Words: Ellen Kenny
The United Nations Human Rights Committee has urged Ireland to abolish direct provision after “increasing delays” to replace the system.
Even if the Government have stopped talking about it, it’s still a problem.
In a review of Ireland’s human rights provisions by the United Nations Human Rights Committee, the committee raised concerns about how Ireland treats its asylum seekers.
The UN raised concerns about the “significant delays” in processing applications for refugees. Latest figures from the Government suggest that 5,000 people have applied for asylum in Ireland so far this year. This figure does not include Ukrainian refugees.
It takes, on average, more than two years to process an asylum application to completion, according to the Department of Justice. There are nearly 12,000 people living in direct provision, including 2,800 children.
The committee flagged the increased use of emergency accommodation in Ireland as a major problem, as well as the conditions refugees face in these accommodations. The UN committee raised concerns about overcrowding, difficulty in accessing medical services and social protection payments.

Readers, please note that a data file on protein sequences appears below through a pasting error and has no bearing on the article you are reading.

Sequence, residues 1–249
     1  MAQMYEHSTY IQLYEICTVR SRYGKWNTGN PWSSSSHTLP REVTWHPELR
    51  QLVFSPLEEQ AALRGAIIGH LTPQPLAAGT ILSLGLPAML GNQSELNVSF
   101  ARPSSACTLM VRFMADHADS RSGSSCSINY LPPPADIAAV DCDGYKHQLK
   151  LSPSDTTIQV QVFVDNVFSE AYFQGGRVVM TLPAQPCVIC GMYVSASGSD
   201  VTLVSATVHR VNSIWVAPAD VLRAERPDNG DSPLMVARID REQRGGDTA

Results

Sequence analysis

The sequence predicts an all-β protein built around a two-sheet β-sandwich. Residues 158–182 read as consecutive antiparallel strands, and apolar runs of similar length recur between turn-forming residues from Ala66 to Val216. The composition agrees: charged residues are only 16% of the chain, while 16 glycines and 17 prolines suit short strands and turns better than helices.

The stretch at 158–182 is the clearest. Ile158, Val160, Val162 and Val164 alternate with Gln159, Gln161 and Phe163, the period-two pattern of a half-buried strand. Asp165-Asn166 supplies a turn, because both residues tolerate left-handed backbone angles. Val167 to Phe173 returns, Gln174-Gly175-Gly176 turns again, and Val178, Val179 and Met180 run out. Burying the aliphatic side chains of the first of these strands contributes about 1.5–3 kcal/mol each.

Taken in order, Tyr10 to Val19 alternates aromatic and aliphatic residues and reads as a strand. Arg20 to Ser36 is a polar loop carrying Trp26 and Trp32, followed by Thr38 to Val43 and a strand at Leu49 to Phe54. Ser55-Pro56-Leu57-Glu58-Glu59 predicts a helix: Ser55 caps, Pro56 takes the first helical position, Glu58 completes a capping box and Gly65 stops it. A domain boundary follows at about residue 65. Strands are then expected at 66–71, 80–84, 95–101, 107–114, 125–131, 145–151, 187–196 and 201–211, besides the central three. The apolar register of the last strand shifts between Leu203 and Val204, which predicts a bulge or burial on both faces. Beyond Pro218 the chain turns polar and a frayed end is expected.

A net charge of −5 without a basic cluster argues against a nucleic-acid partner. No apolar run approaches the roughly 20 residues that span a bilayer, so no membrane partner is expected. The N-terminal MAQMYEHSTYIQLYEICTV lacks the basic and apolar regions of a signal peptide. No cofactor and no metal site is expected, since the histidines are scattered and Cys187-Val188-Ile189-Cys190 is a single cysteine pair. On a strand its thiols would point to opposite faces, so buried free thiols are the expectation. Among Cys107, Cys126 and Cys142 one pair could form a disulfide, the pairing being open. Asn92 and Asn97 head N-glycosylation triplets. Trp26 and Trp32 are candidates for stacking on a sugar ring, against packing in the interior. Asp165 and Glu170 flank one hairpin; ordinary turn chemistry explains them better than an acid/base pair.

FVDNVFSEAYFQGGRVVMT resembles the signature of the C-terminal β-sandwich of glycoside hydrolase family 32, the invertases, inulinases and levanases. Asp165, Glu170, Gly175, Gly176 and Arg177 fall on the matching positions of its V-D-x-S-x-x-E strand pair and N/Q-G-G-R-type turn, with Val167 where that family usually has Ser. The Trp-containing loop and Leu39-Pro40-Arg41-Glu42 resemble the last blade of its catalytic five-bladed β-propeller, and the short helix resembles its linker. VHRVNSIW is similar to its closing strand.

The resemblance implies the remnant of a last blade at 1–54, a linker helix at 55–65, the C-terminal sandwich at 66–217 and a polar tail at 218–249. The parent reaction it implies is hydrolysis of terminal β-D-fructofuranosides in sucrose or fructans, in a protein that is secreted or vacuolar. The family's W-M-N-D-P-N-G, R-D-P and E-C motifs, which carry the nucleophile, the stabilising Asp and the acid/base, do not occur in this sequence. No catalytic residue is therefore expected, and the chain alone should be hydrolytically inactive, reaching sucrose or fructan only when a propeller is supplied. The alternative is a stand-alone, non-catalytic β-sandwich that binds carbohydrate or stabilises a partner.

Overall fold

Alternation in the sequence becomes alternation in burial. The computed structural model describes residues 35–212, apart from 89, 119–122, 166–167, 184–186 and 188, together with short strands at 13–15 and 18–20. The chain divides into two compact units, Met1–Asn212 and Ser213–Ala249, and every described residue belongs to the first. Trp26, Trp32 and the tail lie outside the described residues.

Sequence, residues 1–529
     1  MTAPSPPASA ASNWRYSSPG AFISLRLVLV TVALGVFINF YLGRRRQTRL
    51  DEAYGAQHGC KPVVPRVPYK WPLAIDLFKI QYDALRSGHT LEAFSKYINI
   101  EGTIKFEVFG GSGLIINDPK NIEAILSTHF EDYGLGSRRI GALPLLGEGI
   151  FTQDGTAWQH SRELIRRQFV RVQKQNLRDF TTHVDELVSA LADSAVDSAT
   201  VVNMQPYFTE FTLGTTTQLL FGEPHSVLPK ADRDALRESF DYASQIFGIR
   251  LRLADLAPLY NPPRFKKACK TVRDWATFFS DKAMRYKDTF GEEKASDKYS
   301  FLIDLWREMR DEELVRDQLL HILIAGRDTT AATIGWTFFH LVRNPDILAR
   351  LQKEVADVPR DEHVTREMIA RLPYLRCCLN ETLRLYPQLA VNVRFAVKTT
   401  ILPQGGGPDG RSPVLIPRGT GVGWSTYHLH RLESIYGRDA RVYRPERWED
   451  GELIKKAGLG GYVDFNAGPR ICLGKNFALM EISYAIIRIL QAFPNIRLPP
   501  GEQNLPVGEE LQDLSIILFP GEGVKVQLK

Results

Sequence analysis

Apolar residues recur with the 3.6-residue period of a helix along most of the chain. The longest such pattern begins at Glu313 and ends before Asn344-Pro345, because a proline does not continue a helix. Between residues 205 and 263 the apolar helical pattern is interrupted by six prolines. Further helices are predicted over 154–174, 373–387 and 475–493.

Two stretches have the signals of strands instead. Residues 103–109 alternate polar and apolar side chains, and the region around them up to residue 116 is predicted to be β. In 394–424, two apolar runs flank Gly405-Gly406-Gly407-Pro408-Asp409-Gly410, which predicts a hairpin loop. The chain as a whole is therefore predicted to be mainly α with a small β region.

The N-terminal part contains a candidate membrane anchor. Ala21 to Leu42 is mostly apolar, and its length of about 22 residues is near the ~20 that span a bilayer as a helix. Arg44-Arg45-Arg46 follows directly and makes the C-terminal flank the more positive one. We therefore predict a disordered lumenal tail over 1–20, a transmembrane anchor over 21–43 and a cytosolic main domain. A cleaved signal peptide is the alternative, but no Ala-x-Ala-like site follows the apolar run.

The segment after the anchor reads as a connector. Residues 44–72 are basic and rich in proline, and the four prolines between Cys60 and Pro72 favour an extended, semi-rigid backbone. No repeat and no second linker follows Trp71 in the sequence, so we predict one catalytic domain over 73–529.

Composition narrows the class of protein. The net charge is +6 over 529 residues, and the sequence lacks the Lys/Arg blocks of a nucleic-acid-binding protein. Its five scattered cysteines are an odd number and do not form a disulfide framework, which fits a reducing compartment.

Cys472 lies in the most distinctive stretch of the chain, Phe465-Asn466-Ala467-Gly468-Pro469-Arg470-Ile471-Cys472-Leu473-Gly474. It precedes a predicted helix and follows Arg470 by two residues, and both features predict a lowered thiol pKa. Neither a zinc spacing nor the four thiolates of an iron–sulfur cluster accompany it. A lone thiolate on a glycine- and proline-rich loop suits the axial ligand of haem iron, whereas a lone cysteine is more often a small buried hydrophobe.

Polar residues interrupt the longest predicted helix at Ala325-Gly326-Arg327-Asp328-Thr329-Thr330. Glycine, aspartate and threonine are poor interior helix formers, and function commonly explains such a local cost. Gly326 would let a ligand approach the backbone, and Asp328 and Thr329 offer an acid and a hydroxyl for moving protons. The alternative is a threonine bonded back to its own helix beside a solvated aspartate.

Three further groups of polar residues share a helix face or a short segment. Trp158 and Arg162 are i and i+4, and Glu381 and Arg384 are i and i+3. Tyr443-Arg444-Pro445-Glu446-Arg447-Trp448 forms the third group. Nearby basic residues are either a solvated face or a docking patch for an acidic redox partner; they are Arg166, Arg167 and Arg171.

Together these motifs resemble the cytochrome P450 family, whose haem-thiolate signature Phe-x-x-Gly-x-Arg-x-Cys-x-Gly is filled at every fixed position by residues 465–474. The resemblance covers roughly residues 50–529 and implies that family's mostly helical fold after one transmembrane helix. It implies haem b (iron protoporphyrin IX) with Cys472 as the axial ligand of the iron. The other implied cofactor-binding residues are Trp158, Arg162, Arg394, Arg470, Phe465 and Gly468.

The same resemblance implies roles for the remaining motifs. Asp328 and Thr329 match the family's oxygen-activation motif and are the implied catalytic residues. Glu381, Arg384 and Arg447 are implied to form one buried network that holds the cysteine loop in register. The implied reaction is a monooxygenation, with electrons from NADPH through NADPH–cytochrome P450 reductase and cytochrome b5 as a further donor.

They reported feelings of lack of safety due to sharing of communal areas. In particular, LGBTQI+ refugees have experienced “harassment and threats.”
The UN recommended that Ireland take measures to reduce the application process for asylum to six months. They also suggested introducing a “vulnerability assessments” for refugee applicants to assess the services they need as they are applying.
The UN reminded Ireland that they must keep accommodation centres in line with international standards. They outright urged Ireland to phase out the use of emergency accommodation soon and implement a new model of accommodation.
The Government announced delays in abolishing direct provision in May as staff responsible have been placed in charge of Ukrainian refugees.
Activists have repeatedly called out the double standard for Ukrainian refugees in comparison to those who currently reside in direct provision, especially when it comes to education fees for students and access to driver’s licences.
Recently, the Abolish Direct Provision Campaign have called out the Government for delays in providing asylum seekers with PPS numbers. Without a PPS number, asylum seekers cannot access financial assistance and must rely on their accommodation for food and clothing.
The Abolish Direct Provision Campaign have recently been protesting in Westmeath, as hotel owners have allegedly been moving asylum seekers into Aramark tents in Clare.
Elsewhere on District: Pregnancy Kit Project launched for mothers and babies in direct provision